Health Coaches for Hypertension Control
- Need: A cost-effective approach to help rural patients with hypertension learn to manage their condition.
- Intervention: Community volunteers trained as health coaches provided an 8-session hypertension management training program to hypertension patients older than 60, with an optional supplemental 8 sessions focused on nutrition and physical activity.
- Results: Just 16 weeks after the program, participants had improved systolic blood pressure, weight, and fasting glucose, greater knowledge of hypertension, and improved self-reported behaviors.
Evidence-levelEffective (About evidence-level criteria)
In 2007, hypertension rates in residents of South Carolina's Oconee County, located in rural Appalachia, surpassed the state and national average. The Health Coaches for Hypertension Control (HCHC) program was formed to promote hypertension self-management using trained community volunteers. These health coaches are a cost-effective and sustainable approach for helping hypertension patients manage their condition.
HCHC serves rural Appalachian Oconee County, which is located in western South Carolina and is now being implemented in Montana. The program was aimed at county residents over the age of 60 diagnosed with hypertension. Local health coach volunteers were recruited and underwent a 30-hour training that covered each topic area included in the small group sessions they would be leading.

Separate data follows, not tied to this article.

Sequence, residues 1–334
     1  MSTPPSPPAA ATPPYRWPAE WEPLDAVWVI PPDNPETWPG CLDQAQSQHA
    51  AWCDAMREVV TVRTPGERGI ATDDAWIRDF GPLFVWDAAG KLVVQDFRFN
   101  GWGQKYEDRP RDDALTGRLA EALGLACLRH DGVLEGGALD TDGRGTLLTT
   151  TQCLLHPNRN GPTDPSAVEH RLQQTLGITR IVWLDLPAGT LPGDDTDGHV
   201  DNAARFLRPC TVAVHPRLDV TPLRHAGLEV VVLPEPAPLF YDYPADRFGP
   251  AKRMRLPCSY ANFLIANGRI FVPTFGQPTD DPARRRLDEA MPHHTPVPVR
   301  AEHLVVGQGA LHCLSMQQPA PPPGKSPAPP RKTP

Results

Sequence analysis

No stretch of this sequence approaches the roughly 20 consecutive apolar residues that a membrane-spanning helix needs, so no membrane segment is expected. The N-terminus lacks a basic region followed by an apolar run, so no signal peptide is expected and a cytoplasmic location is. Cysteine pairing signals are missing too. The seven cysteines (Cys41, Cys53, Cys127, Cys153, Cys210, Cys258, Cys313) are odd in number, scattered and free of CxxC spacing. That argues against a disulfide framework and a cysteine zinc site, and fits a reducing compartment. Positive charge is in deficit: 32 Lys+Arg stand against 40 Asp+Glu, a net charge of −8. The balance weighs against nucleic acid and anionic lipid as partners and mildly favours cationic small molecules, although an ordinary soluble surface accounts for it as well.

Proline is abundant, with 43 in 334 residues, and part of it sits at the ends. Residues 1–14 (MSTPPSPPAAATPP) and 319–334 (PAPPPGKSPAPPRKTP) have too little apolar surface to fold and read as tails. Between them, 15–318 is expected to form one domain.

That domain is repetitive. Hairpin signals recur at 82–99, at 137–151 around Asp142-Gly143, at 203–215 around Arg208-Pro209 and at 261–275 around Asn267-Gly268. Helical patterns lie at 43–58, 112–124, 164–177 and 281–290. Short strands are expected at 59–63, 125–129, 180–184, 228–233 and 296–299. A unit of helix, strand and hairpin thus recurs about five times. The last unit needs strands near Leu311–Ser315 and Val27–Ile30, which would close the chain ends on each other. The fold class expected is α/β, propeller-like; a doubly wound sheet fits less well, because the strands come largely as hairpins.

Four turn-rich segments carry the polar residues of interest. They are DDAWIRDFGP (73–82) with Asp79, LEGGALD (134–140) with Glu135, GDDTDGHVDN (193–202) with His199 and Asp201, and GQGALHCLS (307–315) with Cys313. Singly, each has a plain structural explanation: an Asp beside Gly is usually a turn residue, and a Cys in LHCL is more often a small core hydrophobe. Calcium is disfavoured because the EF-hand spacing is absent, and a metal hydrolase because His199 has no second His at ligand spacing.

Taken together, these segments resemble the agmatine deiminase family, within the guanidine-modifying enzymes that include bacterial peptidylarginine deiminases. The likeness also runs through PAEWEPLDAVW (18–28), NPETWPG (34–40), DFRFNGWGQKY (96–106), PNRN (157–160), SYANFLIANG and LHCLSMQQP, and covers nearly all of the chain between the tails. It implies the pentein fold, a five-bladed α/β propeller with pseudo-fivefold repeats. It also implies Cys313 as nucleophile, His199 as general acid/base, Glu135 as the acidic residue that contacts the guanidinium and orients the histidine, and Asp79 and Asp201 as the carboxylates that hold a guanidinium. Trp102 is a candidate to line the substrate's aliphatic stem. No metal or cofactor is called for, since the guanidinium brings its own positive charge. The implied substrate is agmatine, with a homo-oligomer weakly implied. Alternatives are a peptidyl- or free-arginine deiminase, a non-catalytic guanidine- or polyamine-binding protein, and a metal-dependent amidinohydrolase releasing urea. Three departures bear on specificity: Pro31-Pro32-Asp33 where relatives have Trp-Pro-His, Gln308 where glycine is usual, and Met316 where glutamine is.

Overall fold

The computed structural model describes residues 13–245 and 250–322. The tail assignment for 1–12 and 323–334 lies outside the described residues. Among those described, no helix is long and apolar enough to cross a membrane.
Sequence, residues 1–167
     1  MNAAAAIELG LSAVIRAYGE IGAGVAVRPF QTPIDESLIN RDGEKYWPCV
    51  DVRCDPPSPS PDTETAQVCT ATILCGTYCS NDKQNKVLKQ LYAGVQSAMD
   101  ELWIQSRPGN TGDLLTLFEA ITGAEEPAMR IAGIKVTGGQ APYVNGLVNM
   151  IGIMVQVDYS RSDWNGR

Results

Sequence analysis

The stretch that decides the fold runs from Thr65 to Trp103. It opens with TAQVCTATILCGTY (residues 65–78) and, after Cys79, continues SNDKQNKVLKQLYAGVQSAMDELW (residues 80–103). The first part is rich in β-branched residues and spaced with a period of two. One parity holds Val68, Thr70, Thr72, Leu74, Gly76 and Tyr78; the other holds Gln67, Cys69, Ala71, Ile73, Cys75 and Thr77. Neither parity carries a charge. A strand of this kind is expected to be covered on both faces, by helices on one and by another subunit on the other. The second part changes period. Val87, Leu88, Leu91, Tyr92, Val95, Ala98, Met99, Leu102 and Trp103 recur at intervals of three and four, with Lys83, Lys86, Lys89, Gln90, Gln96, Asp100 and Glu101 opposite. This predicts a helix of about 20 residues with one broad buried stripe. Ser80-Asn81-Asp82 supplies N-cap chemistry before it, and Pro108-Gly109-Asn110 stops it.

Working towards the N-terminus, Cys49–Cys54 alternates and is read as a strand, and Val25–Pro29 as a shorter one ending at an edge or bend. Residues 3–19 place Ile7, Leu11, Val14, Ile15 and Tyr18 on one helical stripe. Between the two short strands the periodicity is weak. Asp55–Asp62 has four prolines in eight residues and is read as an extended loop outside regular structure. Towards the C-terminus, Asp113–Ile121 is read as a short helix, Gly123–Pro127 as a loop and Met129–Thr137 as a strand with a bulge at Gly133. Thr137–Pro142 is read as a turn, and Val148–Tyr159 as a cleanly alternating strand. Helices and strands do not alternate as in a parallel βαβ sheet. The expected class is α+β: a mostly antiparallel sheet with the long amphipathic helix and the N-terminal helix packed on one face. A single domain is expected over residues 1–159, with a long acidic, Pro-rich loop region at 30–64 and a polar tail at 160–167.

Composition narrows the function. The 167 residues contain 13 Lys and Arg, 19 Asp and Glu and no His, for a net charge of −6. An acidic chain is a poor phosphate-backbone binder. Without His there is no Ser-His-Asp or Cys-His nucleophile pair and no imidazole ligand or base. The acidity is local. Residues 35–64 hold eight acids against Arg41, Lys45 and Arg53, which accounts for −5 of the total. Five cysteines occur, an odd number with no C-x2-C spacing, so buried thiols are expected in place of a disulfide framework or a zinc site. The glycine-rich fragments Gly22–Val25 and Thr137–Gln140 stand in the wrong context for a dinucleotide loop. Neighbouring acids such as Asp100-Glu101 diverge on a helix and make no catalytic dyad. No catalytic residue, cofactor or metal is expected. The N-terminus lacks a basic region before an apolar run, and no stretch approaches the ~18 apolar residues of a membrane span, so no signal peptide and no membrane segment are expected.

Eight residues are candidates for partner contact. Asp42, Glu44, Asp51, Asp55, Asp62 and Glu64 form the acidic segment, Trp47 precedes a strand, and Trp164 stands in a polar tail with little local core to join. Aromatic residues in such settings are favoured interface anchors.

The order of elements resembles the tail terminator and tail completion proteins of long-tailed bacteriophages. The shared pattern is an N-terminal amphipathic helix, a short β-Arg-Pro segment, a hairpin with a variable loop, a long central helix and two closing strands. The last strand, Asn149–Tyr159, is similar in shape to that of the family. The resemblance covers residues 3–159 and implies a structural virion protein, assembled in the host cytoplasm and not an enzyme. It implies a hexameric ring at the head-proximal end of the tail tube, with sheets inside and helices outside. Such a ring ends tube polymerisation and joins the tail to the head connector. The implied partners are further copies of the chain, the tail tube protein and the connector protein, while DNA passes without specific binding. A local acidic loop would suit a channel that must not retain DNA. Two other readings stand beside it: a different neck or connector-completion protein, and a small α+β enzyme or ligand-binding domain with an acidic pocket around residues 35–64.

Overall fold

Primary partners in the project include:
- DHEC – South Carolina Department of Health and Environmental Control
- Oconee Physician Practices
- Clemson University
- Clemson Cooperative Extension
- Joseph F. Sullivan Center
- Oconee Medical Center
The first phase of this project was funded by a 2009-2012 Office of Rural Health Policy Rural Health Care Services Outreach Grant. A second face extension was funded by a USDA grant. In 2018, Clemson University Cooperative Extension agents were trained to implement the program throughout South Carolina, and staff of the Chronic Disease Prevention and Health Promotion Bureau in Helena, Montana were trained to implement the program in Montana. Dr. Cheryl Dye, Director of the Clemson University Institute for Engaged Aging, is the Principle Investigator and Master Trainer for this project, with co-investigator Dr. Joel Williams.